Philippians 4:12b I have learned the secret of being content in any and every situation, whether well fed or hungry, whether living in plenty or in want.
It is often difficult for me to listen to professional athletes complain about their contracts. They negotiate and sign a contract, but then a teammate signs a higher contract a year later and suddenly the excitement fades. They suddenly feel cheated at $10 million per year. Although some athletes came from near poverty, suddenly $10 million a year is insufficient. They are no longer content with what they receive.
In fairness, however, if we are honest with ourselves, we each have tendencies to lose contentment. If your goal was to get an athletic scholarship or a new job, how long did the excitement last? Do you continue to focus on the many benefits you have, or is your focus suddenly on what you don’t have?
Have you met grateful, content people? If you spend some time chatting with them, do they have things easier? Have they gone through less struggles? The irony is that it will generally be very difficult to uncover the struggles of grateful, content people, because they choose not to focus on those things. You see, the biggest difference between content people and discontented people, is not circumstances but attitude.
Today’s scripture from Philippians 4 is powerful. In fact, I’d suggest you read all four chapters (Philippians 1-4) at some time. Together they form the letter that Paul sent to the church in Philippi. In this one letter you will find the word “joy” in its various forms 16 times. If you had to pick a few themes of this letter they would be joy, gratitude, and contentment.
10 I rejoiced greatly in the Lord that at last you renewed your concern for me. Indeed, you were concerned, but you had no opportunity to show it. 11 I am not saying this because I am in need, for I have learned to be content whatever the circumstances. 12 I know what it is to be in need, and I know what it is to have plenty. I have learned the secret of being content in any and every situation, whether well fed or hungry, whether living in plenty or in want. 13 I can do all this through him who gives me strength. (Philippians 4: 10-13)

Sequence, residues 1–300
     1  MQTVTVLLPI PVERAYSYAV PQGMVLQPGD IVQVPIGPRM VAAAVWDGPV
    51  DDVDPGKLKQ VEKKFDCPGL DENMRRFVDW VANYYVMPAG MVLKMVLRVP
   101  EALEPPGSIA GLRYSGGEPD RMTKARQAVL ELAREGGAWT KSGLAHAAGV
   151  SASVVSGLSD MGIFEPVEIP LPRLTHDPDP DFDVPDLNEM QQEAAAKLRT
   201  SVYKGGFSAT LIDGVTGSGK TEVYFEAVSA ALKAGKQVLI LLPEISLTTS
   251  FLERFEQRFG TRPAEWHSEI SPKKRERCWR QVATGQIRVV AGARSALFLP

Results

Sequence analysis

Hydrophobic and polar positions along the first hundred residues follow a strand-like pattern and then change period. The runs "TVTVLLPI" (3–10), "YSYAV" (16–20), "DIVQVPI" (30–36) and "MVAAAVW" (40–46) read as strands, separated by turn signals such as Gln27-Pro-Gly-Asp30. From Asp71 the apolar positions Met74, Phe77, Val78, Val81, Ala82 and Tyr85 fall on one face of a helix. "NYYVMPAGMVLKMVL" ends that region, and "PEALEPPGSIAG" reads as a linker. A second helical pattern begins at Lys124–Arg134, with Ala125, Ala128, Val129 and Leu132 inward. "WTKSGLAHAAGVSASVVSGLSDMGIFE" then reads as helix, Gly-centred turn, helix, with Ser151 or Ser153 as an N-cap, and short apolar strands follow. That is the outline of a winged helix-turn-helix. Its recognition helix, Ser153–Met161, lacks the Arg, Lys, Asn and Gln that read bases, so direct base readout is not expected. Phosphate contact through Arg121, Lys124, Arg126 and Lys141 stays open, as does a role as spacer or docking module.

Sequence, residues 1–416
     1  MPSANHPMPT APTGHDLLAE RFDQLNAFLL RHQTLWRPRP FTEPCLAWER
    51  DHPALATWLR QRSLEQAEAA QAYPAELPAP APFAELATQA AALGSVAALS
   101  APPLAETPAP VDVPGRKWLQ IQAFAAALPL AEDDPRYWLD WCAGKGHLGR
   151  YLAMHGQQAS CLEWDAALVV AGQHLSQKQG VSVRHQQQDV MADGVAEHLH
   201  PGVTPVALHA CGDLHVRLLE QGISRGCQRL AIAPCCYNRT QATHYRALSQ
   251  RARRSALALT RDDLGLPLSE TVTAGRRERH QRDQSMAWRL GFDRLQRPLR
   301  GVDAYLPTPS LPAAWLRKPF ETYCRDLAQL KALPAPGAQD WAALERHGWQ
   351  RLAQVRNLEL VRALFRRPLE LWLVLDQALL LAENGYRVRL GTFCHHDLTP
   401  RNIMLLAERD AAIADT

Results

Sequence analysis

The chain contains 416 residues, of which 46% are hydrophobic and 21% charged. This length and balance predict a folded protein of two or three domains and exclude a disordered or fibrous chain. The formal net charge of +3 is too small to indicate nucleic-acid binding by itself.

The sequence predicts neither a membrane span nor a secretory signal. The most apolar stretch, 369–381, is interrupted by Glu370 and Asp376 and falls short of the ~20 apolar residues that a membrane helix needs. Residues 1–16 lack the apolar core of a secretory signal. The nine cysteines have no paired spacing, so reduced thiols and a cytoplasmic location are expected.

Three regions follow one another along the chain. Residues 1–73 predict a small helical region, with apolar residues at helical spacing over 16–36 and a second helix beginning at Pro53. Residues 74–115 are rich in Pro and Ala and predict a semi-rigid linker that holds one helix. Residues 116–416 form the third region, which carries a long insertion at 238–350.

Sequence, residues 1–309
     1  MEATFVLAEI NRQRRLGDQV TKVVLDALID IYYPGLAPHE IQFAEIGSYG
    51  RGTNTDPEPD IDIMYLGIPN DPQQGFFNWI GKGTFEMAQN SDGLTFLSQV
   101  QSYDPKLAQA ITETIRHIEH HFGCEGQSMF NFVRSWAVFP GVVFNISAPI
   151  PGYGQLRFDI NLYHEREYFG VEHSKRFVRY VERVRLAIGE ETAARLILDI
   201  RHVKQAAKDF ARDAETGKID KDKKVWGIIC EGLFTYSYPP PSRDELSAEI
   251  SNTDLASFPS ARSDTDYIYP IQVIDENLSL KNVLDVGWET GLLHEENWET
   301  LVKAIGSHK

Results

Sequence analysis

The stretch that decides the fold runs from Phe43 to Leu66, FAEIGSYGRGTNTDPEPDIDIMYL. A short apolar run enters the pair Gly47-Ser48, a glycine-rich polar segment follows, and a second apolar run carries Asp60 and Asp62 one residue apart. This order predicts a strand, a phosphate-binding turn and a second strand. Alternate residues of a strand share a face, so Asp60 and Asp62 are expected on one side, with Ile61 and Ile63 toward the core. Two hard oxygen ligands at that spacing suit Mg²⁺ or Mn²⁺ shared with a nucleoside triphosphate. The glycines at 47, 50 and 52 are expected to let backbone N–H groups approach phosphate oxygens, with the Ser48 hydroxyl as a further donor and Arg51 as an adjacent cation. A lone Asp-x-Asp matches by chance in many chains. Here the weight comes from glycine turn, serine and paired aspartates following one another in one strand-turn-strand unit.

Paul says he “learned the secret of being content”. What was it? Was it his circumstances? Well he is writing this letter from jail, where he was locked up for preaching about the resurrection of Jesus. But maybe this is just a setback for him and things were much better before. Fortunately, Paul describes his experiences in 2 Corinthians 11: 24-28. Five times he received lashes with a whip; he was beaten with a rod three times, pelted with stones once, and shipwrecked three times. He was in danger from rivers, bandits, fellow Jews and Gentiles. He often went without food and without sleep and was left cold and naked. And aside from that, he says he faced “daily the pressure of [his] concern for all the churches”.
No one in their right mind would suggest that Paul was content and filled with joy because of his circumstances. No the secret of Paul’s contentment is found in Philippians 4:13. “I can do all this through him who gives me strength”. You can read many self help books which can help you focus more on positives and this can change your perspective, but as a Christian, to see real radical change in your life, you need to draw on the strength of him who lives in you (1 John 4: 14-16). Fall in love with Jesus for the first time or once again, and allow his voice to scream louder than the noise that surrounds you today. Choose today to be thankful for Jesus, no matter the circumstances that you are in. Repent where you have sinned and ask God to bring a new joy into your life. Learn to be content in any and all situations.